Hello again! I've been working on a boatload of interesting projects this blogless month, including an iPhone music app called Looptastic. (I consulted on the interface and helped with the marketing, but my greatest contribution was probably lending the programmer my Korg Kaossilator at a jam session.)
Looptastic lets you mix and filter blocks of sound with your fingertips. The filter screen (30 seconds into this video) controls cutoff frequency and resonance simultaneously, as on Korg's Kaoss pads.
Exploring the iPhone/iPod Touch world, I was surprised to find that the built-in web browser, Mobile Safari, opens audio links in a separate QuickTime player. There doesn't seem to be a way to play audio directly from a webpage. (Perhaps that's changing in OS 3, but if you know of a workaround now, please leave a comment.)
The simplest, least jarring approach I found to encode web audio for the iPhone browser was to use plain MP3 links:
- Sound 1
<a href="sound1.mp3">Sound 1</a>
target="_blank" attribute I usually add to audio links caused problems. In normal browsers, that prevents the browser from overwriting the main window with a plug-in player when the link is clicked. But in Mobile Safari, it opens another blank window in addition to the QuickTime player. So when playback is done, the iPhone returns you to a confusing blank page:
- Sound 2
<a href="sound2.mp3" target="_blank">Sound 2</a>
The best compromise I found was to use Delicious Play Tagger to insert a Flash playback button in front of the MP3 links. Mobile Safari doesn't support Flash, so it inserts the button image but plays MP3 links as normal. (Contrast that to Yahoo Media Player, which rewrites the MP3 links into Flash triggers, disabling them on the iPhone.) Play Tagger is not a perfect solution, because I'd still want to use
target=blank to help visitors who are running normal browsers.
You can see Play Tagger and Yahoo Media Player in action in my article Three Free & Easy Web Audio Players. Interestingly, the third player in that article, one I cooked up, hits the middle ground on Mobile Safari. It opens a new window with info about the audio file, but you still have to listen in the iPhone's QuickTime player. Note the variety of test files in that article: The iPhone can play only MP3, AIFF, and WAV. Even the m3u playlist format goes unsupported.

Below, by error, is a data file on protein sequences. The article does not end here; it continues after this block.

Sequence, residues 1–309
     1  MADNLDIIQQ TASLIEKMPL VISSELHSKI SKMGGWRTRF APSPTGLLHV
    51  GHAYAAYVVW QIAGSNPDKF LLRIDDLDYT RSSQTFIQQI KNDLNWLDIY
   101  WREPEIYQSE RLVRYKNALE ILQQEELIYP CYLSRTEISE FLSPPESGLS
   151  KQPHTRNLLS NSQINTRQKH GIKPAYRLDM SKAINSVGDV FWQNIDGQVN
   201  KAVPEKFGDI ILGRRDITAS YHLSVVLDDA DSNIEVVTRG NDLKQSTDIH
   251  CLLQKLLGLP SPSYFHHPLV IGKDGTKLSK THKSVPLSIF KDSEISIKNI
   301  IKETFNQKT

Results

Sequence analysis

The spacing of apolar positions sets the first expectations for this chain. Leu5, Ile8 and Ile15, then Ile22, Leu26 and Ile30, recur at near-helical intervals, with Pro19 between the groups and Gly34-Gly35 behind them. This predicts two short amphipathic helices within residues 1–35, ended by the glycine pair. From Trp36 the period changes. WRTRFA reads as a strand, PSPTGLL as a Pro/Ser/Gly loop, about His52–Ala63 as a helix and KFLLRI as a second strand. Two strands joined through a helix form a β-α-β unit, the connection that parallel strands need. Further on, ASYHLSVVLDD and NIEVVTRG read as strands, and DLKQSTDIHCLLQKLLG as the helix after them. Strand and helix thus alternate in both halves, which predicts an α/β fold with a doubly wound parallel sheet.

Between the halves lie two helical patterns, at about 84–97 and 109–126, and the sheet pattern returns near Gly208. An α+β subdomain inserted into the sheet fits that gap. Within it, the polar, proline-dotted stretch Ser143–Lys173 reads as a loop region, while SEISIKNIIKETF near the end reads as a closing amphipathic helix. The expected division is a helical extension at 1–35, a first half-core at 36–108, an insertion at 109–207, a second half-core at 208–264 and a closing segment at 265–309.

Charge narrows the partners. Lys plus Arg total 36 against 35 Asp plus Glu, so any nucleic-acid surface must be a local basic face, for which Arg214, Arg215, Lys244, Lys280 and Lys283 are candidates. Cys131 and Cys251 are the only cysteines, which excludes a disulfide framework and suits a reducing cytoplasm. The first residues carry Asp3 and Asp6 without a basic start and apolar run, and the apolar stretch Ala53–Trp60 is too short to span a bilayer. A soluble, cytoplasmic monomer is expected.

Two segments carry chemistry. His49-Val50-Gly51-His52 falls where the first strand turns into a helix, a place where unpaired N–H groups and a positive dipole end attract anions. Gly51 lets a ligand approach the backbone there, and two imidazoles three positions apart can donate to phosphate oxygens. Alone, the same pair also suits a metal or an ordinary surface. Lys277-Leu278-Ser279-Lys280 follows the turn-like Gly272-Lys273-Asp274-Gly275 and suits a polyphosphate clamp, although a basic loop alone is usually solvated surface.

The iPhone Playlist Hack
But I did find a sneaky way to make playlists for Mobile Safari. If you embed the audio files using QuickTime's QTNext parameter, the next file in your list starts playing automatically after the first is finished. You can also skip forward (but not back) with the iPhone player's controls. One quirk that initially stumped me is that the audio files need to be in the same zone (i.e., all on your hard drive or all on the Web). A mixture of local and Web files doesn't work.
Another speed bump I discovered is that some Windows browsers wouldn't advance to the next song unless the QuickTime
AutoPlay parameter was true. But that meant the playlist started playing automatically as soon as the page loaded. I worked around that by making the first song an image, as described in this article at Daytime Running Lights, and then looping the image (!) to prevent the playlist from advancing until the visitor clicks the image. Here's the basic code:
<embed target="myself" src="play-button.gif" href="sound1.mp3" width="128" height="16" autoplay="true" type="audio/mp3" loop="true" controller="false" qtnext1="<sound2.mp3> T<myself>" qtnext2="<sound3.mp3> T<myself>"></embed>
target parameter (and its
T shorthand) tells QuickTime to load the media file into the original playback area, here a 128x16-pixel rectangle. (This is for normal browsers; Mobile Safari launches the media file in the QuickTime player.) The
href parameter specifies the file QuickTime will play when the visitor clicks on the image specified in
the controller parameter to false prevents QuickTime from jamming a transport bar underneath the placeholder image.
A side benefit of using the QTNext approach is that it lowers the RAM hit on the iPhone. If you embedded each file separately, Mobile Safari would try to load them all. This way, it loads as it goes.
What iPhone browser hacks have you discovered? Please leave a link.